The change in policy upsets a history of open information sharing between the United Kingdom and the United States during crises, Walsh notes.
“They share this kind of intelligence on autopilot, and maybe with good reason,” he says. “They planned it in advance so that they could disseminate information to partners who may be able to help them with the investigation. The assumption would be that the recipient would not be sharing it with the media at all, or especially more or less immediately.”
The EU has its own intelligence-sharing challenges. Although Europol has established several means of intelligence sharing across Europe, it has continued to face problems connecting the dots.
“The recent terrorist attacks in Belgium and France have once again highlighted the contradiction between the seemingly free movement of terrorists across Europe and the lack of EU-wide intelligence sharing,” notes Oldrich Bureš in the policy journal European View. “Due to their earlier criminal activities, most perpetrators of the attacks in both Paris and Brussels were known to the various security agencies in several EU member states.”
Indeed, a man who gave logistical support to the terrorists who carried out the November 2015 Paris attacks had been investigated by both Belgian and Dutch police, but neither the EU nor French authorities were aware of the man.
While Europol has established multiple tools for reporting and collecting national security and terrorism intelligence, it cannot conduct its own investigations and instead facilitates the exchange of information. However, given the cultural and linguistic diversity of the 28 EU member states, as well as their differing political and judicial frameworks, sharing intelligence through Europol may not be as effective as more informal arrangements.
Likewise, the United Nations’ counterterrorism efforts lack coherence, according to an issue brief by the Council on Foreign Relations. The UN alone runs more than 30 agencies that conduct counterterrorism activity.
“Too often, these various elements are uncoordinated and even competing,” the report notes. A UN committee created a consolidated list of individuals subject to sanctions because of terrorist activity, but the report finds that the impact was negligible “given the lack of regular updates and expansion of the list, making it an inflexible mechanism,” especially as terrorist groups become less hierarchical.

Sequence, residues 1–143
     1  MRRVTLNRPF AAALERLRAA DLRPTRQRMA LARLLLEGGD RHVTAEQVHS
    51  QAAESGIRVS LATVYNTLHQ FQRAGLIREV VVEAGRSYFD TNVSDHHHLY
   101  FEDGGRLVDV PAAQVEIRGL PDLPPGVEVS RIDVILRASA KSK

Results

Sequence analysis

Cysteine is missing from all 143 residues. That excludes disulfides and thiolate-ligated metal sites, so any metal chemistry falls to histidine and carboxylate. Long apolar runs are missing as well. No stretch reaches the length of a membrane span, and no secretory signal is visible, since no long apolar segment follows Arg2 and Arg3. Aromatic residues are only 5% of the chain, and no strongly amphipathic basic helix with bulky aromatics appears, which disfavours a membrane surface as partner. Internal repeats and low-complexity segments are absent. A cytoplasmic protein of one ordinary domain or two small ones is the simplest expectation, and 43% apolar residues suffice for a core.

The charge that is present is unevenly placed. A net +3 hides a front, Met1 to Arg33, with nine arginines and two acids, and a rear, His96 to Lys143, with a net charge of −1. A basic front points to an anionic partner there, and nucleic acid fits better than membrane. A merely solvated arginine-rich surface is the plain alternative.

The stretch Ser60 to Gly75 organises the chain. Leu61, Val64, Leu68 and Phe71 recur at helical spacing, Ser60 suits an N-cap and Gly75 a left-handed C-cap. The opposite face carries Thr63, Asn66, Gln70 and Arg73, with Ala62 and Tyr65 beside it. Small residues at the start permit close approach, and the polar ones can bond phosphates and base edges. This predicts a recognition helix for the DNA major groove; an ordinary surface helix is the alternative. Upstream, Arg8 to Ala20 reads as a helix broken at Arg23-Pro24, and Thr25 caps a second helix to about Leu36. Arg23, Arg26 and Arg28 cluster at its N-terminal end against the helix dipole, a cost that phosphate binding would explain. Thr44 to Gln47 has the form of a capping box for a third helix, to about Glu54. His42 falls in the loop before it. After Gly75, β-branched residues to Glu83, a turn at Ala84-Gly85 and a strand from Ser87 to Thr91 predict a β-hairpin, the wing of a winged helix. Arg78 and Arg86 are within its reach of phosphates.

Walsh points out that even successful intelligence-sharing relationships face larger philosophical concerns—determining when to share information, and whether the receiving country will treat that information appropriately.
“Typically, when you cooperate with another country, say on trade policy or an alliance, you want to be able to observe how they’re behaving to see if they’re living up to their commitments,” Walsh explains. “That’s exceptionally hard to do in the area of intelligence because it’s information and secrets.”
Nations also need to know whether it is necessary to share intelligence they have collected. After 9/11, intelligence agencies agreed to share secrets more freely with each other to prevent another large attack. However, the effort backfired when leaks through Edward Snowden and WikiLeaks made agencies scale back their sharing to need-to-know information.
“It’s really hard to know when you actually have ironclad intelligence that something bad is going to happen,” Walsh explains. “You have so much intelligence that’s collected on individual people, like travel records, so the problem is connecting the dots. How do we even know that we should share that?”
Trust is essential to intelligence-sharing relationships, whether it’s trusting that the information is accurate or trusting that the receiving country will treat the information appropriately.
Despite Trump’s gaffe, Walsh points out that it takes a great deal to seriously damage an intelligence-sharing relationship—there were no significant changes to the United States–Germany relationship after it was revealed that the United States had been tapping German Chancellor Angela Merkel’s private phone. However, too many leaks and faux pas by the new administration could eventually take a toll.
“It’s troubling that the Manchester investigation leaks happened so shortly after the Israel episode,” Walsh says. “It might suggest to foreign governments that there’s a pattern, especially if that information was shared with the United States and it was leaked by the White House, in particular.”